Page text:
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  Table of Contents    
ORIGINAL ARTICLE  
Year : 2011  |  Volume : 54  |  Issue : 1  |  Page : 32-36
Clinicopathologic significance of fascin, extracellular matrix metalloproteinase inducer, and ezrin expressions in colorectal adenocarcinoma


1 Department of Surgery, Konkuk University College of Medicine, Seoul, South Korea
2 Department of Pathology, Korea University College of Medicine, Seoul, South Korea
3 Department of Surgery, Korea University College of Medicine, Seoul, South Korea

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Date of Web Publication7-Mar-2011
 

   Abstract 

Background: The over expression of fascin, extracellular matrix metalloproteinase inducer (EMMPRIN), and ezrin proteins has been associated with poor prognosis in various carcinomas and sarcomas. However, very few studies have reported the relationship between the expression of fascin, EMMPRIN, and ezrin proteins and the clinico-pathologic parameters of colorectal carcinomas. Aims: The aim was to investigate the relationship between fascin, EMMPRIN, and ezrin proteins in colorectal adenocarcinomas and their correlation with clinico-pathologic parameters. Settings and Design: The expression of fascin, EMMPRIN, and ezrin proteins was studied in 210 colorectal adenocarcinoma patients through immunohistochemical staining. Materials and Methods: Immunohistochemical staining by the avidin-biotin peroxidase method was done. The scoring of each protein expression was done and divided into three groups (negative, low-, and high-expression groups). Statistical Analysis: A chi-square test, and Kendall's tau-b correlation test were used for comparing. Survival analysis was performed using the Kaplan-Meier method with log-rank tests and the Cox proportional hazard model. Results: The percentages of the high-expression group of fascin, EMMPRIN, and ezrin proteins in colorectal adenocarcinomas were 24%, 73%, and 62%, respectively. Weak positive correlations were observed among these protein expressions. An increased expression of the fascin protein was significantly associated with advanced tumor depth and shorter survival times, and a high expression of fascin protein was an independent prognostic factor in univariate and multivariate survival analyses. EMMPRIN and ezrin protein expressions were not associated with the clinico-pathologic parameters. Conclusions: The high expression of fascin protein may be an unfavorable prognostic marker for individual colorectal cancer patients.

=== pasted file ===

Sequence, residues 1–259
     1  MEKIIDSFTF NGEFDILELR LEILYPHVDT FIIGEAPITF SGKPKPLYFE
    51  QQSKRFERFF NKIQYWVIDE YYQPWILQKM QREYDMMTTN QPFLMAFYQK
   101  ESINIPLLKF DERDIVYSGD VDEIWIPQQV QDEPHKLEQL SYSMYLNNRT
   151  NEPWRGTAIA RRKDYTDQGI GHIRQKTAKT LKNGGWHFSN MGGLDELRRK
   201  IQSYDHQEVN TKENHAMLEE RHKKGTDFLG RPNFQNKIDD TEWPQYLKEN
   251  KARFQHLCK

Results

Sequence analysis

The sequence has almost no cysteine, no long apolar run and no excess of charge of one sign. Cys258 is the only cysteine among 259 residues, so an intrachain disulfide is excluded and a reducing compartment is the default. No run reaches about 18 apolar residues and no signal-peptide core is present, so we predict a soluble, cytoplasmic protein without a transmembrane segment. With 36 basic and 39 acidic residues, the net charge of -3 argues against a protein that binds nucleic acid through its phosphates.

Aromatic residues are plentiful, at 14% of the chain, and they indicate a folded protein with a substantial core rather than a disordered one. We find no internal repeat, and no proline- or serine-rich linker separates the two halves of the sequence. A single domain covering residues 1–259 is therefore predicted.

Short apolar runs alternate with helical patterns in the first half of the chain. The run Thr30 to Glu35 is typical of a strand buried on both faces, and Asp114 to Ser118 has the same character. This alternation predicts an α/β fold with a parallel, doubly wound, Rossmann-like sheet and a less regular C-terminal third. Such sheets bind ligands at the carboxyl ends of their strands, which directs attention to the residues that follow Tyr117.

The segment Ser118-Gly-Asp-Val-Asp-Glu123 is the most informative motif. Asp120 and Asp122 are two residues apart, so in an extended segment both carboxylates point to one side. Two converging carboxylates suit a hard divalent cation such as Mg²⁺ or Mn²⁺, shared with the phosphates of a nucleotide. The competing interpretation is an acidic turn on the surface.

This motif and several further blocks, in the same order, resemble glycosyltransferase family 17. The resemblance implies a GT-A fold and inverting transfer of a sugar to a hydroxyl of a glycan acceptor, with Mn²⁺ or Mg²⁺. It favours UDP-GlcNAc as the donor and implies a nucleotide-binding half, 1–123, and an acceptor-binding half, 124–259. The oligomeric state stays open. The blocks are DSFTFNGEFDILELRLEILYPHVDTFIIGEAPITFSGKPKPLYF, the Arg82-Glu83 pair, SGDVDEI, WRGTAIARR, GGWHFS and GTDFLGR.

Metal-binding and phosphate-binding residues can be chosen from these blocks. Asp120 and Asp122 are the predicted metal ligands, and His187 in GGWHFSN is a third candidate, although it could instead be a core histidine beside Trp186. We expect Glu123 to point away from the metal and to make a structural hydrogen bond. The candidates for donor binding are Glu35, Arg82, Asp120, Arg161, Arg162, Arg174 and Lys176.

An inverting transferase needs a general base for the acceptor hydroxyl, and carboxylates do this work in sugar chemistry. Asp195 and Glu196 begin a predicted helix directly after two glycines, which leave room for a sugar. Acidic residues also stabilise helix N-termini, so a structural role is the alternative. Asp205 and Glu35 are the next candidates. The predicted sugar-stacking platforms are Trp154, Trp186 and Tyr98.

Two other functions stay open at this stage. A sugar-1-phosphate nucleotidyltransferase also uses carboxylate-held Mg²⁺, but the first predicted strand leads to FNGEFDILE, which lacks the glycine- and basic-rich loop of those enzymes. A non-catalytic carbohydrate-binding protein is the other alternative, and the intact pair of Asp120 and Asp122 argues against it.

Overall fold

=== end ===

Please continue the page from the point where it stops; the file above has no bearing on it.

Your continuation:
Keywords: Colorectal cancer, extracellular matrix metalloproteinase inducer, ezrin, fascin, prognosis

How to cite this article:
Jung EJ, Lee JH, Min BW, Kim YS, Choi JS. Clinicopathologic significance of fascin, extracellular matrix metalloproteinase inducer, and ezrin expressions in colorectal adenocarcinoma. Indian J Pathol Microbiol 2011;54:32-6

How to cite this URL:
Jung EJ, Lee JH, Min BW, Kim YS, Choi JS. Clinicopathologic significance of fascin, extracellular matrix metalloproteinase inducer, and ezrin expressions in colorectal adenocarcinoma. Indian J Pathol Microbiol [serial online] 2011 [cited 2019 Nov 22];54:32-6. Available from: http://www.ijpmonline.org/text.asp?2011/54/1/32/77320



   Introduction Top


Fascin is an actin-binding protein that rearranges the cytoskeleton and promotes cellular motility. [1],[2] Recently, the overexpression of fascin has been reported in carcinomas of different organs including colon, stomach, breast, and lung. [3],[4],[5],[6],[7],[8] Moreover, the over-expression of fascin has been shown to correlate with poor prognosis. [3],[4],[5],[6],[7],[8] Extracellular matrix metalloproteinase inducer (EMMPRIN), also known as CD147, is a trans-membrane protein that stimulates matrix metalloproteases (MMPs). [9],[10],[11] High expression of EMMPRIN protein has been observed in various carcinomas including colorectal cancers. [12] Ezrin is a membrane cytoskeleton linker and is involved in cell adhesion, cell survival, cell motility, and metastasis of some sarcomas and carcinoma. [13],[14],[15],[16],[17]